Viss, kas jums jāzina pēc atsauces un vērtības

Runājot par programmatūras inženieriju, ir diezgan daudz pārprastu jēdzienu un nepareizi lietotu terminu. Atsauce pret vērtību noteikti ir viena no tām.

Es atceros tālajā dienā, kad es izlasīju tēmu un katrs avots, kuru es pārdzīvoju, šķita pretrunā ar iepriekšējo. Pagāja zināms laiks, lai to labi saprastu. Man nebija citas izvēles, jo tas ir fundamentāls priekšmets, ja esat programmatūras inženieris.

Dažas nedēļas atpakaļ es saskāros ar nejauku kļūdu un nolēmu uzrakstīt rakstu, lai citiem cilvēkiem varētu būt vieglāk izdomāt visu šo lietu.

Es ikdienā kodēju Ruby. Es arī diezgan bieži lietoju JavaScript, tāpēc šai prezentācijai esmu izvēlējies šīs divas valodas.

Lai saprastu visus jēdzienus, mēs izmantosim arī dažus Go un Perl piemērus.

Lai aptvertu visu tēmu, jums ir jāsaprot 3 dažādas lietas:

  • Kā valodā tiek ieviestas pamatā esošās datu struktūras (objekti, primitīvie veidi, mainīgums).
  • Kā darbojas mainīgā piešķiršana / kopēšana / mainīšana / salīdzināšana
  • Kā mainīgie tiek nodoti funkcijām

Datu tipi

Rubīnā nav primitīvu tipu, un viss ir objekts, ieskaitot veselus skaitļus un būla skaitļus.

Un jā TrueClass, Rubīnā ir a .

true.is_a?(TrueClass) => true3.is_a?(Integer) => truetrue.is_a?(Object) => true3.is_a?(Object) => trueTrueClass.is_a?(Object) => trueInteger.is_a?(Object) => true

Šie objekti var būt vai nu maināmi, vai nemaināmi.

Nemaināms nozīmē, ka jūs nevarat mainīt objektu, kad tas ir izveidots. Dotajai vērtībai ir tikai viens gadījums ar vienu, object_idun tas paliek nemainīgs neatkarīgi no tā, ko jūs darāt.

Pēc noklusējuma Ruby kā negrozāma objektu veidi ir: Boolean, Numeric, nil, un Symbol.

MRI object_id objekts ir tāds pats kā tas, VALUE kas pārstāv objektu C līmenī. Vairumam objektu veidu tas VALUE norāda uz vietu atmiņā, kur tiek glabāti faktiskie objekta dati.

Turpmāk mēs to izmantosim object_idun memory addressaizstāsimies.

Palaidīsim kādu Ruby kodu MRI nemainīgam simbolam un maināmai virknei:

:symbol.object_id => 808668:symbol.object_id => 808668'string'.object_id => 70137215233780'string'.object_id => 70137215215120

Kā redzat, kamēr simbola versija saglabā to pašu objekta ID vienai un tai pašai vērtībai, virknes vērtības pieder dažādām atmiņas adresēm.

Atšķirībā no Rubīna, JavaScript ir primitīvi tipi.

Tie ir - Boolean, null, undefined, String, un Number.

No datu veidiem pārējo iet paspārnē objektu ( Array, Function, un Object). Nekas fancy šeit tas ir daudz vairāk vienkāršāka nekā Ruby.

[] instanceof Array => true[] instanceof Object => true3 instanceof Object => false

Mainīga piešķiršana, kopēšana, atkārtota piešķiršana un salīdzināšana

Rubīnā katrs mainīgais ir tikai atsauce uz objektu (jo viss ir objekts).

a = 'string'b = a
# If you reassign a with the same value
a = 'string'puts b => 'string'puts a == b => true # values are the sameputs a.object_id == b.object_id => false # memory adr-s. differ
# If you reassign a with another value
a = 'new string'puts a => 'new string'puts b => 'string'puts a == b => false # values are differentputs a.object_id == b.object_id => false # memory adr-s. differ too

Kad piešķirat mainīgo, tā ir atsauce uz objektu, nevis pašu objektu. Kopējot objektu, b = aabi mainīgie norādīs uz to pašu adresi.

Šo rīcību sauc par kopiju pēc atsauces vērtības .

Stingri runājot Ruby un JavaScript, viss tiek kopēts pēc vērtības.

Tomēr, runājot par objektiem, vērtības ir šo objektu atmiņas adreses. Pateicoties tam, mēs varam modificēt vērtības, kas atrodas šajās atmiņas adresēs. Atkal to sauc par kopiju pēc atsauces vērtības, bet lielākā daļa cilvēku to sauc par kopiju pēc atsauces.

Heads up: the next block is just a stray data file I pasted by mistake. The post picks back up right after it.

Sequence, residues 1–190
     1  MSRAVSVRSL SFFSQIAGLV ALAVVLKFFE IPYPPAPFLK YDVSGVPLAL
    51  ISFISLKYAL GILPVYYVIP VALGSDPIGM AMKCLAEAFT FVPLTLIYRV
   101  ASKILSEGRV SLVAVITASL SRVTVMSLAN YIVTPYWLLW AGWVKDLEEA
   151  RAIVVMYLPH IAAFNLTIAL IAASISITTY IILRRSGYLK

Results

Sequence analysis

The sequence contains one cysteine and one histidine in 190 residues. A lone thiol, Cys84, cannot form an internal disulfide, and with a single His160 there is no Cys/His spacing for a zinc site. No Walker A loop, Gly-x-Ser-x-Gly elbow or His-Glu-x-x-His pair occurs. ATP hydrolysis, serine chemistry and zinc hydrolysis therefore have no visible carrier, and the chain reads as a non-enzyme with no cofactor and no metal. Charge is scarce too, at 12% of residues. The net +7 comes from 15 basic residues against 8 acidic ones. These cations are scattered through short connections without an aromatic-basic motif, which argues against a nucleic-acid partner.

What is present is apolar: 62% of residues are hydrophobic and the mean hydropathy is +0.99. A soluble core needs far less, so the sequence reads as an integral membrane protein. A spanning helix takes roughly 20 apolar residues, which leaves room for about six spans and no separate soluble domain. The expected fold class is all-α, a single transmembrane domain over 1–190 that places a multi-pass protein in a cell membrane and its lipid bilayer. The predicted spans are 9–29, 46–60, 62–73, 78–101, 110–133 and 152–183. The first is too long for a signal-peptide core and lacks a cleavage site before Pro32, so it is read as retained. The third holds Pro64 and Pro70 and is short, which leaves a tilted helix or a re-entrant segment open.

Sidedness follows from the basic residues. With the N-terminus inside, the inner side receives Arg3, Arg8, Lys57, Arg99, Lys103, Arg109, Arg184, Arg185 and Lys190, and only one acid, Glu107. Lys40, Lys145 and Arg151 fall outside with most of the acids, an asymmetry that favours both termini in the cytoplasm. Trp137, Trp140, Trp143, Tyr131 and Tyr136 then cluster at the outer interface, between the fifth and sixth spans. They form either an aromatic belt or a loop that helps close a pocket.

Tas būtu kopija ar atsauci, ja pēc atkārtotas piešķiršanas auz “jauna virkne” barī norādītu uz to pašu adresi un tai būtu tāda pati vērtība “jauna virkne”.

Tas pats ar nemaināmu veidu, piemēram, Integer:

a = 1b = a
a = 1puts b => 1puts a == b => true # comparison by valueputs a.object_id == b.object_id => true # comparison by memory adr.

Piešķirot a tam pašam veselam skaitlim, atmiņas adrese paliek nemainīga, jo dotajam skaitlim vienmēr ir viens un tas pats object_id.

Kā redzat, salīdzinot jebkuru objektu ar citu, tas tiek salīdzināts pēc vērtības. Ja vēlaties pārbaudīt, vai tie ir tie paši objekti, kas jums jāizmantoobject_id.

Apskatīsim JavaScript versiju:

var a = 'string';var b = a;a = 'string'; # a is reassigned to the same value
console.log(a); => 'string'console.log(b); => 'string'console.log(a === b); => true // comparison by value
var a = [];var b = a;
console.log(a === b); => true
a = [];
console.log(a); => []console.log(b); => []console.log(a === b); => false // comparison by memory address

Izņemot salīdzinājumu - JavaScript primitīvu tipu izmanto pēc vērtības un objektiem - ar atsauci. Izskatās, ka uzvedība ir tāda pati kā Rubīnā.

Nu, ne gluži.

Primitive values in JavaScript will not be shared between multiple variables . Even if you set the variables equal to each other. Every variable representing a primitive value is guaranteed to belong to a unique memory location.

This means none of the variables will ever point to the same memory address. It is also important that the value itself is stored in a physical memory location.

In our example when we declare b = a, b will point to a different memory address with the same ‘string’ value right away. So you don’t need to reassign a to point to a different memory address.

This is called copied by value since you have no access to the memory address only to the value.

Let’s see a better example where all this matters.

In Ruby if we modify the value that sits in the memory address then all the references that point to the address will have the same updated value:

a = 'x'b = a
a.concat('y')puts a => 'xy'puts b => 'xy'
b.concat('z')puts a => 'xyz'puts b => 'xyz'
a = 'z'puts a => 'z'puts b => 'xyz'
a[0] = 'y'puts a => 'y'puts b => 'xyz'

You might think in JavaScript only the value of a would change but no. You can’t even change the original value as you don’t have direct access to the memory address.

You could say you assigned ‘x’ to a but it was assigned by value so a’s memory address holds the value ‘x’, but you can’t change it as you have no reference to it.

var a = 'x';var b = a;
a.concat('y');console.log(a); => 'x'console.log(b); => 'x'
a[0] = 'z';console.log(a); => 'x';

The behavior of JavaScript objects and implementation are the same like Ruby’s mutable objects. Both copy be reference value.

JavaScript primitive types are copied by value. The behavior is the same like Ruby’s immutable objects which are copied by reference value .

Huh?

Again, when you copy something by value it means you can’t change (mutate) the original value since there is no reference to the memory address. From the perspective of the writing code this is the same thing like having immutable entities that you can’t mutate.